What is snoring?

Snoring occurs when the tissues in your throat relax. When you breathe, the relaxed tissues vibrate making a loud noise.

How are snoring and sleep apnea related?

Not all people who snore have sleep apnea, but most people with sleep apnea snore. Snoring is a common symptom of sleep apnea, however sleep apnea snoring is different from regular snoring.

Regular snoring partially blocks your airway but does not cause any significant breathing problems. Sleep apnea snoring is the result of a partial or full obstruction of the airway. These obstructions severely restrict or stop your breathing, starving your body of oxygen. Theys are called apneas and hypopneas.

Sleep apnea snoring is related to other serious health conditions, including type two diabetes, hypertension and obesity.

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sleep apnoea normal sleep
Normal sleep

Your throat is held open and you hardly make any sound when breathing

sleep apnoea and snoring
Snoring

Your throat muscles partially relax resulting in a snore. Your body is still receiving enough oxygen

sleep aponea diagram restricted breathing
Sleep Apnea

Your throat muscles partially relax or close, stopping or restricting your breathing. This may cause you to snore, choke or gasp for air

 

How do I know if my snoring is sleep apnea?

The only way to know if your snoring is a symptom of sleep apnea is to have a sleep test

Common risk factors include:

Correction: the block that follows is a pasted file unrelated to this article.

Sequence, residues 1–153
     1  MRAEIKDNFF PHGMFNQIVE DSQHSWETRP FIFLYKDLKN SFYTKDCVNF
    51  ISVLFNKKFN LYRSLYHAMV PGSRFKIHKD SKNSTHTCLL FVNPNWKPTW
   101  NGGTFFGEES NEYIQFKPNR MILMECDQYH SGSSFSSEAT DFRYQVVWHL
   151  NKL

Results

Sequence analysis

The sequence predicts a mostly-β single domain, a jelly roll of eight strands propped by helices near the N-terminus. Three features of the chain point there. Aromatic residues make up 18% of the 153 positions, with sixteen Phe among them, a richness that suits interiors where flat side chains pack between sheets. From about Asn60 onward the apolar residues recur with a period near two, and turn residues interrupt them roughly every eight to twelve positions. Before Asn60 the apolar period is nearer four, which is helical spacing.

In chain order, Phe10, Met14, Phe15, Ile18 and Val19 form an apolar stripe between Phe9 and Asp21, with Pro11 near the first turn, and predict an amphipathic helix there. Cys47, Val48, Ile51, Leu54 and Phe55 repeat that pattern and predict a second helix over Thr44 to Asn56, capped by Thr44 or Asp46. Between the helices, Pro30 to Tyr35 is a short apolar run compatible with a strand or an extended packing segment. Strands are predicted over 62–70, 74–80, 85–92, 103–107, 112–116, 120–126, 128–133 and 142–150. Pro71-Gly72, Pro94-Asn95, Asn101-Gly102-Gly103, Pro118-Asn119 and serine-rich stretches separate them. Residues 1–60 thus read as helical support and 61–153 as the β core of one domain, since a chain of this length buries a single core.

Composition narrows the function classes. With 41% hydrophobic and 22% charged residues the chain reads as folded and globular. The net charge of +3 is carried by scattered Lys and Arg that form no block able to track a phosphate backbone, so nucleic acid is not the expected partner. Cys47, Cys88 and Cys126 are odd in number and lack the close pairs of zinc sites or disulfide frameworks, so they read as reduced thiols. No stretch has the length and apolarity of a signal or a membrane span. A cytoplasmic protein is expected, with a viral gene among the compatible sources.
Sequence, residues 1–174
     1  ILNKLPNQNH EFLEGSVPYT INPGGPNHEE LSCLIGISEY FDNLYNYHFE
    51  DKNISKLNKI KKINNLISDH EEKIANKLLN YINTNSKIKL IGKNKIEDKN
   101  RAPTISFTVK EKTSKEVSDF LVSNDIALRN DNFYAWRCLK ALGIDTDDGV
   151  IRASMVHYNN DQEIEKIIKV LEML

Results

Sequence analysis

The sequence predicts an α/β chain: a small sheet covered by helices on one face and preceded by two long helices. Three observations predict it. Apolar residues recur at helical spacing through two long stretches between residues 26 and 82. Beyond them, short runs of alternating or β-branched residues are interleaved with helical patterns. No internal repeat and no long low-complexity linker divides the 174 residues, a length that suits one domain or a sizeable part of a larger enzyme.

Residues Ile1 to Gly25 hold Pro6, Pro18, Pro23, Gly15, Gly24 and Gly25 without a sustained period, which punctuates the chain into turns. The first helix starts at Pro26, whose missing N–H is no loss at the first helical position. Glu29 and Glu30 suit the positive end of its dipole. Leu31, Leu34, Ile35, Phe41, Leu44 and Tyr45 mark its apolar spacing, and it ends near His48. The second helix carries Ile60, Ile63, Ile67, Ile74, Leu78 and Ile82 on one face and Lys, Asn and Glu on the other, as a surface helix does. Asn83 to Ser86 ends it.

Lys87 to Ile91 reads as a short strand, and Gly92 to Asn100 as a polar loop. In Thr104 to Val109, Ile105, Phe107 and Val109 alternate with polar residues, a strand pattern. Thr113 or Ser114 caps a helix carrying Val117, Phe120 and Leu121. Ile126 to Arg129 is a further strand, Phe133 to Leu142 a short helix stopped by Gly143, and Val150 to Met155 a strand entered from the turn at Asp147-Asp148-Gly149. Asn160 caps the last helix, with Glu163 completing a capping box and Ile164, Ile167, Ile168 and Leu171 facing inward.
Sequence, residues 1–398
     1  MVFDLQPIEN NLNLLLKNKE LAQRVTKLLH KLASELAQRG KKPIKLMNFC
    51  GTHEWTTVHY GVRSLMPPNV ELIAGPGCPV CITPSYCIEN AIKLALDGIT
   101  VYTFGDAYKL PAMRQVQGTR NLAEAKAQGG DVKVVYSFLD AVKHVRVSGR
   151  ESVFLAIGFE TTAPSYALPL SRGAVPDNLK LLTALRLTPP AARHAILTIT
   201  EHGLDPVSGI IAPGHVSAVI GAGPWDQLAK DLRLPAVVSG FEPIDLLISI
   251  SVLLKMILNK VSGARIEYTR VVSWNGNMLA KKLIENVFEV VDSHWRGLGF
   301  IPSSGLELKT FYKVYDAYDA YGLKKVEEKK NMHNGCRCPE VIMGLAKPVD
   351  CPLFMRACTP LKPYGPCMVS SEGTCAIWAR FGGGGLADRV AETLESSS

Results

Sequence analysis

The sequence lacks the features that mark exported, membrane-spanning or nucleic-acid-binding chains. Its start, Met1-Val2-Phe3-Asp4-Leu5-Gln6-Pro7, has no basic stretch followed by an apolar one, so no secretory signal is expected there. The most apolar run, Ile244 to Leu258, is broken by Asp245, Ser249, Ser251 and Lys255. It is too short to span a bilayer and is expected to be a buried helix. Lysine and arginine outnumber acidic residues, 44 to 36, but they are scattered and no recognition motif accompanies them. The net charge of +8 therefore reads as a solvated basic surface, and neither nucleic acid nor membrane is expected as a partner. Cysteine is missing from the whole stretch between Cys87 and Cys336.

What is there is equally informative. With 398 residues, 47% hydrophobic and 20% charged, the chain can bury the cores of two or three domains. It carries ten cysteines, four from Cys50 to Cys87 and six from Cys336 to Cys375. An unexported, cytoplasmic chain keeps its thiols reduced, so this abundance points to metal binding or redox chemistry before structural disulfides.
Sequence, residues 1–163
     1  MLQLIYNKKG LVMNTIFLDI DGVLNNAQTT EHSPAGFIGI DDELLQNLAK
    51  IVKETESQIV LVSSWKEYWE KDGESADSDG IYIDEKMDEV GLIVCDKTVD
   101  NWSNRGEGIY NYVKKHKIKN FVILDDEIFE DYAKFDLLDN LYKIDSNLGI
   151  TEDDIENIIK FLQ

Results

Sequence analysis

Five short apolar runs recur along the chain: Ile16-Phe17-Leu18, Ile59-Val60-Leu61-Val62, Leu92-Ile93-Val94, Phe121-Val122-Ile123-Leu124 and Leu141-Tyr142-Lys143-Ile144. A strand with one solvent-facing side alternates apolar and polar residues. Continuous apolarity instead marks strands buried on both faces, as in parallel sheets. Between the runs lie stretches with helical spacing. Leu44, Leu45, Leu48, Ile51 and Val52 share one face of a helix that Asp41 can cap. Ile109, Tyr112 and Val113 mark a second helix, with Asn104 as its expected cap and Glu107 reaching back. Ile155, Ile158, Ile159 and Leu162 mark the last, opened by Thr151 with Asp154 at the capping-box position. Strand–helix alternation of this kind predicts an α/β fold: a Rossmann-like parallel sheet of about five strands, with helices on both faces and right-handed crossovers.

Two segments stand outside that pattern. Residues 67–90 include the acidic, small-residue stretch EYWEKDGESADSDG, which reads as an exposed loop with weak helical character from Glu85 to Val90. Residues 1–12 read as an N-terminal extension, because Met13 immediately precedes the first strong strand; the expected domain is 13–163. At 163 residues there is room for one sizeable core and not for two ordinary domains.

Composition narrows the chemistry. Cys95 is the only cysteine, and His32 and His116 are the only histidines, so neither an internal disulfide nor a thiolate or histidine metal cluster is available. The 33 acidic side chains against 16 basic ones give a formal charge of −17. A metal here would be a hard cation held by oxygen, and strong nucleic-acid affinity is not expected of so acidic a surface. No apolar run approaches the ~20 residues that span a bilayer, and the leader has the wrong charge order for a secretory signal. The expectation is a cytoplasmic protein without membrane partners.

• Obese or overweight

• 45 years or older

• Other cardiovascular disease (e.g. stroke or hypertension)

• Type 2 diabetes

• Daytime exhaustion

Can I treat snoring by addressing my sleep apnea?

It is important to determine if your snoring is related to sleep apnea. Some treatment may help your snoring, but not your sleep apnea which can cause other health concerns
  • If your snoring is associated with sleep apnea, treatment with positive airway pressure (PAP) using a CPAP or APAP sleep apnea machine or an sleep apnea dental appliance (oral device) will significantly reduce, or in some cases eliminate snoring. Getting treated will improve your health and energy levels.
  • Oral devices are also used to treat non-sleep apnea snoring.
  • There are other devices available to help with snoring. If you snore when you are on your back but not when you are on your side you can use a positional device. This sleep positioning device can be helpful in managing positional sleep apnea.
  • Other treatments include expiratory positive airway pressure (EPAP). EPAP are disposable band aid like strips worn over your nostrils.
  • In some severe cases surgery conducted by an ear, nose and throat specialist may be appropriate.
  • Lifestyle improvements such as weight loss and elimination of alcohol before bed may also reduce snoring.

Find out more about

Sleep apnea treatment benefits
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Taking a sleep apnea risk test
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Book a sleep test online
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Different causes of snoring require different treatment. Always consider any treatment under the guidance of a sleep physician or doctor.

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